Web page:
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HELP - Henley Extended Learning Platform

by Matty Smith published Jul 15, 2008 04:15 PM, last modified Apr 05, 2011 10:05 PM
Early use of dial-up connectivity to support distance learning students at Henly Management College

In 1988, four years after launching our International Distance Learning MBA, Henley Management College decided to provide additional support for programme members via computer networks. The programme was delivered through traditional 'learning through dissemination' mode i.e. distribution of printed materials, including formative assessment activities and summative assessment assignments. Programme members could attend intermittent, face-to-face workshops held at the College in the UK or at one of our International Centres around the world.

In developing the computer network we used a server located in London and linked to the Internet (not the World Wide Web as that had not emerged). To access this server users had to dial in using a standard land line telephone - for those in the UK this was perhaps more straightforward (and cheaper) than for those overseas. Once in the system users had access to a number of text based forums into which messages were typed by programme members and (ideally) responded to by tutors. There was no media available other than text and nor was file sharing possible. The users of the system, called HELP (Henley Extended Learning Platform but more ususally used as an expression of panic by the users themselves), were predominantly those working in the IT sector, including the academics. Getting into the system was a major technical effort. Very few users had personal computers at that time and so mostly work-based machines were used. On the plus side, company firewalls were either fairly weak or non-existent at that time. The College provided no 'help desk', in the common sense of the word, and most users made one or two attempts before abandoning the system altogether.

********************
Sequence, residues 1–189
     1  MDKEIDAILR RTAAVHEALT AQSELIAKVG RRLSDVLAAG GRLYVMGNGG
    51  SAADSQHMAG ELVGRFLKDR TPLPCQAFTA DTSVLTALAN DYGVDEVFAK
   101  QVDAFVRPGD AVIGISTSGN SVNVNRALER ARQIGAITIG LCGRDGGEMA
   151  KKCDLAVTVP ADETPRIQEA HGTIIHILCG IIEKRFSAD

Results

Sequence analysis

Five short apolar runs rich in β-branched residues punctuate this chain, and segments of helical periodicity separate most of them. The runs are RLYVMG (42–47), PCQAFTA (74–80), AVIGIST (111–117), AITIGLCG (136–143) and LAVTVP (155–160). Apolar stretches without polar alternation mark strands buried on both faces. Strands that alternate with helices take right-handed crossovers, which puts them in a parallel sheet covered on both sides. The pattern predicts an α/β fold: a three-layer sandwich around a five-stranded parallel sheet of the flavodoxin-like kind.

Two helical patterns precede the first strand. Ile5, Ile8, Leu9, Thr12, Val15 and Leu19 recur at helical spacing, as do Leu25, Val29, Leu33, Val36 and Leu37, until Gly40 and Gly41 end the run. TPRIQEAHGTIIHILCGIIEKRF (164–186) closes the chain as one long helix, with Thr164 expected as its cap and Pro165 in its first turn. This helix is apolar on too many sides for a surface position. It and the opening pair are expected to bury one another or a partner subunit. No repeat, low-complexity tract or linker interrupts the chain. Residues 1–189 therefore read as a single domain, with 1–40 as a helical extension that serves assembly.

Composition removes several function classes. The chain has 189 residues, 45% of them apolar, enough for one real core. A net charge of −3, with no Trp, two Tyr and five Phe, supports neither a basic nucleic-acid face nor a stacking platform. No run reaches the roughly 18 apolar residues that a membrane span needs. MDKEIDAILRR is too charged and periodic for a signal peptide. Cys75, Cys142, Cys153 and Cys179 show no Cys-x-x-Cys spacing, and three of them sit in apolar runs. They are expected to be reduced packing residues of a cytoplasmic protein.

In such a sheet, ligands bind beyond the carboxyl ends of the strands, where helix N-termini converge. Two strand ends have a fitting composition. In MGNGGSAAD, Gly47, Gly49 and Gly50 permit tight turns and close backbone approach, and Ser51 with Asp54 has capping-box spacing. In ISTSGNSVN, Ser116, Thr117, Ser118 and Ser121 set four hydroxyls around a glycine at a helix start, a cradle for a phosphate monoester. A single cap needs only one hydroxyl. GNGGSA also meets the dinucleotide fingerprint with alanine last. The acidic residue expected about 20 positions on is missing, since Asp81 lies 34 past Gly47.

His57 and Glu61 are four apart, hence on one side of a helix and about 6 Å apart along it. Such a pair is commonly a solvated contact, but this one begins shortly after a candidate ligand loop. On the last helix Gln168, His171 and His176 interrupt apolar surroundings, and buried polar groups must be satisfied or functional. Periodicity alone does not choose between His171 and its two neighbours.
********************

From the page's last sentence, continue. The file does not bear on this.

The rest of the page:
The motivation to move towards what we now call 'e-learning', as a means of supporting a distance education programme came out of the College's well developed learning principle of group learning, represented by what was called the Syndicate Method. In initiating HELP, the College was seeking to extend the notion of collaborative group working into a distance education programme.

Lessons learnt

The problems encountered in setting up HELP undoubtedly informed subsequent developments in the use of learning technology within the College. Key lessons around technical barrriers to access, diversity and richness of materials being offered and the need to re-educate academic facilitators began with this very early experience of e-learning. HELP was the first experience the College had of the potential impact technology might have on taking the 'distance' out of distance learning and it undoubtedly shaped our approach towards how subsequent developments around the use of technology were progressed leading to the current situation where technology is seen as a 'given' in terms of the high-level connectedness between institution, learners and tutors.